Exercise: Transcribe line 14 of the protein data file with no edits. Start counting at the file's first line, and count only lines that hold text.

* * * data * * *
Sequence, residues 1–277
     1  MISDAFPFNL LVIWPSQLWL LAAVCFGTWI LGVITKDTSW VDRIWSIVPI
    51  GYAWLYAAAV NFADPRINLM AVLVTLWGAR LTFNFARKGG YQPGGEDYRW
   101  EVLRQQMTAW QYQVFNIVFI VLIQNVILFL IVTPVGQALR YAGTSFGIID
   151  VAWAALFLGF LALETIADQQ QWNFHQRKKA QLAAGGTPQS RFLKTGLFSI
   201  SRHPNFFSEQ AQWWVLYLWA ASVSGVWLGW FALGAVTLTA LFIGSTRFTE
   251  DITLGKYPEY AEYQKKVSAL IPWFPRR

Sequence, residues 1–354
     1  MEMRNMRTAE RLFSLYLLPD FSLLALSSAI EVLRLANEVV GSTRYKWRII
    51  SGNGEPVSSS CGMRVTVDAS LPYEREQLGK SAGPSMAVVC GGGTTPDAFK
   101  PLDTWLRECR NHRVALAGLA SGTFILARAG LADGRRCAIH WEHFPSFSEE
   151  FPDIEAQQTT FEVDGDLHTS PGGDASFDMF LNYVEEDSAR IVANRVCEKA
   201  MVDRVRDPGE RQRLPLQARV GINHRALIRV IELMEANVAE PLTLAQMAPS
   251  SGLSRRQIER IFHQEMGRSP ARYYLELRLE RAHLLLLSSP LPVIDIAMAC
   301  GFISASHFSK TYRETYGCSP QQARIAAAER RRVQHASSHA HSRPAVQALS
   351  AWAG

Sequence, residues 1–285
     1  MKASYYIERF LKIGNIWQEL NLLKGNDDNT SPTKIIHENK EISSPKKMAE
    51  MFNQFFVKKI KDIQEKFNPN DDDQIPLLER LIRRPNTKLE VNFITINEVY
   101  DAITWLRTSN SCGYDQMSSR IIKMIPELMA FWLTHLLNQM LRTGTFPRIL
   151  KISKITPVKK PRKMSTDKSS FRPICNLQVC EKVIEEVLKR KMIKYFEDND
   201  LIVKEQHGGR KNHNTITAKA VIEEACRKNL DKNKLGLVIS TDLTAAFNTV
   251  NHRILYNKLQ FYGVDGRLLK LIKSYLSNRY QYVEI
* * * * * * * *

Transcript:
   251  SGLSRRQIER IFHQEMGRSP ARYYLELRLE RAHLLLLSSP LPVIDIAMAC